Stir-Fried Spuds

Sup peeps. Earlier this week, we looked at some szechuan-style peanuts from Brighton Hot Stuff that I highly recommended using in a stir-fry.

I stand by that recommendation but, today, I’m going to add a caveat. They went really well into both noodle and rice-based stir-fries and they’d be just as good in a veg-heavy one but there’s a lesser known type of traditional stir-fry that I don’t see them working in. Potato Stir-fry.

Yep, you read that right. There’s a real chinese dish where they slice potatoes into ultra-fine strips and cook them like noodles. Albeit a touch more al denté.

I’m not going to lie, it’s super weird the first time you try it. It’s completely unlike any western form of spud. Yet keep going, for a few mouthfuls, and you’ll soon come to love it.

I discovered this dish at Xi’an Impressions, in london, on route to Challock Chilli Fest. I picked up a taste for it there that turned into a craving, during my recent brighton trip, but, unfortunately, I never made it back.

Instead, I’ve had to learn to cook shredded potato stir-fry myself. And now I’m going to teach you.

You will need:


1 medium-sized potato

4 dried de arbol chillies

6 tablespoons peanut/groundnut oil

3 teaspoons chinkiang vinegar (sometimes called “black rice vinegar” or simply “black vinegar”)

1 heaped teaspoon of szechuan peppercorns

And a good-sized handful of shredded kale. For which similar leaves, like spring or collared greens, can be substituted, should you prefer.

In fact, only the peppercorns and potato are mandatory ingredients in today’s dish. A spirit or clear rice wine vinegar with a dash of soy sauce won’t taste exactly like the less umami-laden chinkiang variety but it will provide a similar, dark and tart quality. Just as vegetable oil with a teaspoon of sesame won’t provide the earthier, fuller body of the groundnut oil but it’ll still be just as rich and nutty. Ideal for those of you with peanut allergies.

Plus, de arbol peppers aren’t traditional to begin with. I like their slightly earthier, nuttier flavour more than what supermarkets call “chinese dried long” but most recipes will call for that more asian variety.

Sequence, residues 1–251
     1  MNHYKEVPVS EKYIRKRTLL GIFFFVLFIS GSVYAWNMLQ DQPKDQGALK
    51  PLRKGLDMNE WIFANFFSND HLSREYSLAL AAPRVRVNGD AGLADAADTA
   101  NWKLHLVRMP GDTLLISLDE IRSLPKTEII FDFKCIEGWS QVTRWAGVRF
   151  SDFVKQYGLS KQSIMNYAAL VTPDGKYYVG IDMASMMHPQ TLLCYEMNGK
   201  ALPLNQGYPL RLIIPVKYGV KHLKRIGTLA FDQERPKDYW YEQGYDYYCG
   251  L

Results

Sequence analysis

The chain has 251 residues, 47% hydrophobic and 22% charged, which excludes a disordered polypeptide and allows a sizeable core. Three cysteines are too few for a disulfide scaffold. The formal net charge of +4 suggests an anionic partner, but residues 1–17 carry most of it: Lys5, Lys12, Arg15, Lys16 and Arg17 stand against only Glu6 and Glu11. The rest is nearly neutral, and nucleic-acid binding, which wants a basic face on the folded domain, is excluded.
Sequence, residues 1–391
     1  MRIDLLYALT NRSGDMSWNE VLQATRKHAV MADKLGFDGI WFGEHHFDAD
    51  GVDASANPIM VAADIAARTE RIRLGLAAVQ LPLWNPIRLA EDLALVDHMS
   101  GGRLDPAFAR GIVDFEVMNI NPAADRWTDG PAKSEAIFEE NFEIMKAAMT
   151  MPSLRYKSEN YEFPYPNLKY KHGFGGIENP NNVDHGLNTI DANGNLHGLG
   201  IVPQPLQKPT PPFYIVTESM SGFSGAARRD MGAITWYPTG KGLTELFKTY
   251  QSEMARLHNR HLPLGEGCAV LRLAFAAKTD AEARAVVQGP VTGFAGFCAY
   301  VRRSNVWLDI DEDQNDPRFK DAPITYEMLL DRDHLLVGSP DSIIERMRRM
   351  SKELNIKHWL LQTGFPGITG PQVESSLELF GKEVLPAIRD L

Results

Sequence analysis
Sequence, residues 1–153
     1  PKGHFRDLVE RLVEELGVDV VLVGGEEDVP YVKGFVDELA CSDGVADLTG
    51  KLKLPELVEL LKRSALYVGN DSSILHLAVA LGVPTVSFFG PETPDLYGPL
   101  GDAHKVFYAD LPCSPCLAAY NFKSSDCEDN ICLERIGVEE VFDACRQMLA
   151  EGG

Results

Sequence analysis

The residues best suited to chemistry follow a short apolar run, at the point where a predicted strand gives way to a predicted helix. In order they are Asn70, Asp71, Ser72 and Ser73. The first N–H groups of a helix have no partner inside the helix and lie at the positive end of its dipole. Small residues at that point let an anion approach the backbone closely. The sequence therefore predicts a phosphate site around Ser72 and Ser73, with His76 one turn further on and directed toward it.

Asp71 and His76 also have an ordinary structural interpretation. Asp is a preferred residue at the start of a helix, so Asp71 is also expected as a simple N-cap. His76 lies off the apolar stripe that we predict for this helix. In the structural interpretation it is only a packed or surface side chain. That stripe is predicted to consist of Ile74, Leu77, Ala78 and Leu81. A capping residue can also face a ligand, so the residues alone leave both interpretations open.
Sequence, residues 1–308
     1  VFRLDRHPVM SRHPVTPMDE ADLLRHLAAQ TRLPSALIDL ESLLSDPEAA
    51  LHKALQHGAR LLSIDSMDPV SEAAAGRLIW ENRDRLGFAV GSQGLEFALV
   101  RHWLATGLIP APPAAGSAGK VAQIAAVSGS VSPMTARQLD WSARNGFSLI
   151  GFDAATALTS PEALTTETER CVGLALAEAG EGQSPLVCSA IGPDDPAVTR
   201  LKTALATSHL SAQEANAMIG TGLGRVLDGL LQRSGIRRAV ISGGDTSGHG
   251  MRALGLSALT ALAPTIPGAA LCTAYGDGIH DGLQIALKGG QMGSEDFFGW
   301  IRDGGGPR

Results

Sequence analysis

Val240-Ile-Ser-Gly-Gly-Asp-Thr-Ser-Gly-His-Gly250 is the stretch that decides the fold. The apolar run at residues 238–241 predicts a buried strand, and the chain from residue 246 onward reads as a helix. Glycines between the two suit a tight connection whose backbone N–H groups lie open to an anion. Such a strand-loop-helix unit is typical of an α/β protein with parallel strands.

So, while I honestly believe that the recipe tastes better with the ingredients that I’ve listed, you’re completely free to change things up according to your own tastes and what you can get hold of. It’s the method that’s important.

To begin, fill a soup bowl most of the way up with fresh, unsalted water and begin skinning your potato.

Slice it in half, for ease of cutting, and then make the rest of your slices about three millimetres thick. Continue cutting along the length of each slice and you should end up with strips like mine:


Strips that want to go straight in the water so that the starches soak out of them. That’s how we keep them firm and prevent them from clumping in the pan. It’s why we don’t add any salt, so that there’s as much room for starch to dissolve as possible.

Now set that bowl sliced potato aside, for the time being. It needs at least ten minutes to do its thing.

In the mean time, measure out your oil into a room temperature wok and break in the peppers to ensure that their heat seeps out. Crumble in the peppercorns, too, and turn on the heat, slowly bringing the oil to a gentle bubble over the lowest possible flame.

When the peppers darken, the infusion’s done but don’t rush it. The longer it takes, the more heat you’re going to get in the final dish.

If your potato strips are ready, drain them now and chuck the lot in. Otherwise, remove the oil from the heat until they are. Either way, once they’re in the wok, up the heat to high and keep them moving for a quick, even fry.

Three to five minutes is all that it takes, depending on how hot the wok is and how much crunch you enjoy, but you’ll want to add the kale even sooner. It needs to spend a minute to a minute and a half in there with the spuds. After which, the cooking’s done.

Transfer the results to a bowl – You can even use the potato soaking one – using a slotted spoon or spatula to get rid of any excess oil, then quickly drizzle with your chinkiang vinegar and serve.


Some say that this dish is meant to be eaten cold but I was first served it wok fresh and I like it that way. With a genuine warmth to match the medium



from its chilli and peppercorns. A heat that creeps in subtly after a few bites.

Yet exactly what sort of heat seems to vary based on the quality of the ingredients. Cheap, supermarket-quality szechuan pepper provides only the slightest of anaesthetic tingles, allowing the chillies to dominate and blaze the back of the mouth. Yet, with the ones that a friend sent me from china, the chilli goes all but unnoticed. A tiny ember beneath the static tongue tingle of those good szechauns.

Again, it’s up to you which you prefer. The dish can be enjoyed both ways but I, for one, am really glad that I have the good stuff!

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